The centre has told the Delhi High Court that it was concerned over the safety of children studying in a 99-year-old school in New Delhi, whose building is in a dilapidated state and urged the AAP government to relocate it.
The Ministry of Defence said the Delhi government's Directorate of Education (DoE) has maintained that the army should either make available an alternate land for the school or give a no-objection certificate for its construction at the same site.
The Delhi government has sought for construction of the school at the same site to avoid any possible inconvenience to the students, it said.
Rajputana Rifles Heroes Memorial Senior Secondary School at Delhi Cantonment, which was built on the land belonging to the Ministry of Defence was taken over by the Delhi administration in August 1975 and is getting full assistance from the state government.
The centre's submission were made in an affidavit in regard to a PIL by NGO Social Jurist, which has alleged that the school was in a horrible condition.
The matter is listed for hearing on January 17 before a bench of Chief Justice Rajendra Menon and Justice VK Rao.
The centre's affidavit stated as per the directions of the court, a meeting was convened on November 28 between the the Army and the Directorate of Education and various issues including alternate site for school building, availability of land with the Army for relocation and interim measures were discussed.
"During the deliberations in the meeting, the Army delegation raised the issue of unavailability of land for relocation of the school... The Army delegation also stressed on the non-habitable condition of the school building, as also indicated in the report of the Garrison Engineer submitted earlier," it said.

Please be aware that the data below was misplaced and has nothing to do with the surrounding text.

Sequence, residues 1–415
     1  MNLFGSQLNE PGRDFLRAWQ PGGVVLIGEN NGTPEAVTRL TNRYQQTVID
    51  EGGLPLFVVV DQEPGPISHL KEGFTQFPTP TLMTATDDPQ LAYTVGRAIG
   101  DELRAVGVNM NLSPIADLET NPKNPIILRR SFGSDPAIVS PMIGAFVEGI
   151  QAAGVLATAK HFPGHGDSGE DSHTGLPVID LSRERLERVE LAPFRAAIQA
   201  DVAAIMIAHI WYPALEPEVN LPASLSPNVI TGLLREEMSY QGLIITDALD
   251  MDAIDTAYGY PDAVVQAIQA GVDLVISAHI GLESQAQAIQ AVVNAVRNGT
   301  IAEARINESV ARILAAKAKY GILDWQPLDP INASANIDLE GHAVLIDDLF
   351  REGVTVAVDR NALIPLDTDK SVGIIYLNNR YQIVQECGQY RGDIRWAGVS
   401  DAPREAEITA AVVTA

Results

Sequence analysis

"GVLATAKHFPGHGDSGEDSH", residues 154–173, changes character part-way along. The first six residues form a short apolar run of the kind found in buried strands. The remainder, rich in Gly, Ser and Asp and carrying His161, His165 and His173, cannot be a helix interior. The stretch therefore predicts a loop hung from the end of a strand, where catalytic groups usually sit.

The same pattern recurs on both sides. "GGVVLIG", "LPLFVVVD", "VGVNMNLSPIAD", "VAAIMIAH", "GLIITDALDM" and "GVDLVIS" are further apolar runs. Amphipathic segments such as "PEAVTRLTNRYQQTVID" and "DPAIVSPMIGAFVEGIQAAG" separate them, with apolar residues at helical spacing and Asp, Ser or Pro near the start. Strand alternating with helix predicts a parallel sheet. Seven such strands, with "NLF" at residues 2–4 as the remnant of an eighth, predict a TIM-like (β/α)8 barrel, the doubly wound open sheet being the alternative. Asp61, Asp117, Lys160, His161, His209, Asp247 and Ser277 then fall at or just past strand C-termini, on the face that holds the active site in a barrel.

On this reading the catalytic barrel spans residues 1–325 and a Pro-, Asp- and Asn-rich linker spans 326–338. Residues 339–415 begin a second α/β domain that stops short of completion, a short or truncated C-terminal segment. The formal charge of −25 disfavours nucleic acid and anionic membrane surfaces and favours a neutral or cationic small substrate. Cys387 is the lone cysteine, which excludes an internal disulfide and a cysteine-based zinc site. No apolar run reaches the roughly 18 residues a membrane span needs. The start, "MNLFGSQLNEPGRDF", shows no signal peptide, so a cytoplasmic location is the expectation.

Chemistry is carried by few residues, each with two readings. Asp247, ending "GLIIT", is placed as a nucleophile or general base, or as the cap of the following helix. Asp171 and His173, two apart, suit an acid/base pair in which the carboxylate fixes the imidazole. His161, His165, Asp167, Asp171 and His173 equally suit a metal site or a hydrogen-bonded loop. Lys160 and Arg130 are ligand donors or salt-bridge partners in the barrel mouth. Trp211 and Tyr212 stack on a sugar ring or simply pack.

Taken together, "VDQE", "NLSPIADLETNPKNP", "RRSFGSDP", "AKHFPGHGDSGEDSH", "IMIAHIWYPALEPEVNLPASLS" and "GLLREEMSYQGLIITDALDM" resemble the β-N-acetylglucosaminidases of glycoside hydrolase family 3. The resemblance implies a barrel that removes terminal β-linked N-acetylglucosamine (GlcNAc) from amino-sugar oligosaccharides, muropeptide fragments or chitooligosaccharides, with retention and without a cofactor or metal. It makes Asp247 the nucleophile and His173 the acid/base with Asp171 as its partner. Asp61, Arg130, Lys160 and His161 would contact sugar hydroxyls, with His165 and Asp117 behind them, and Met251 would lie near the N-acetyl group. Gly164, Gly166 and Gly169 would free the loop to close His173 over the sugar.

It added that the army raised concerns about the safety of students and teachers of the school and requested DoE for their relocation at the earliest.
The affidavit said the army also gave a list of schools running under the administration of the Delhi government and the Cantonment Board and various public schools located in close proximity where the students and teachers could be shifted.
The high court had earlier asked the AAP government by when it could shift students from the school and had asked it to file a status report and the time frame for repairing or reconstructing the building, saying that it was concerned over the safety of the children.
The DoE earlier told the court that a joint inspection of the building had revealed that it was constructed in 1919 and has outlived its useful life and was unsuitable for habitation.
Advocate Ashok Agarwal, appearing for the NGO, had earlier said around 450 students are studying in the school and they have been unjustly deprived of adequate physical infrastructure and academic faculty to educate them.
The plea has said though the school is open for all, it mainly caters to the children of servants of military officials who are not in a position to educate their kids in private schools.
It has alleged that the school lacks basic amenities, including potable drinking water, functional toilets, science and computer labs, clean classrooms and proper boundary wall and several posts of teaching staff are lying vacant.
The petition has sought direction that the existing building be demolished and rebuilt as a state-of-the-art school.
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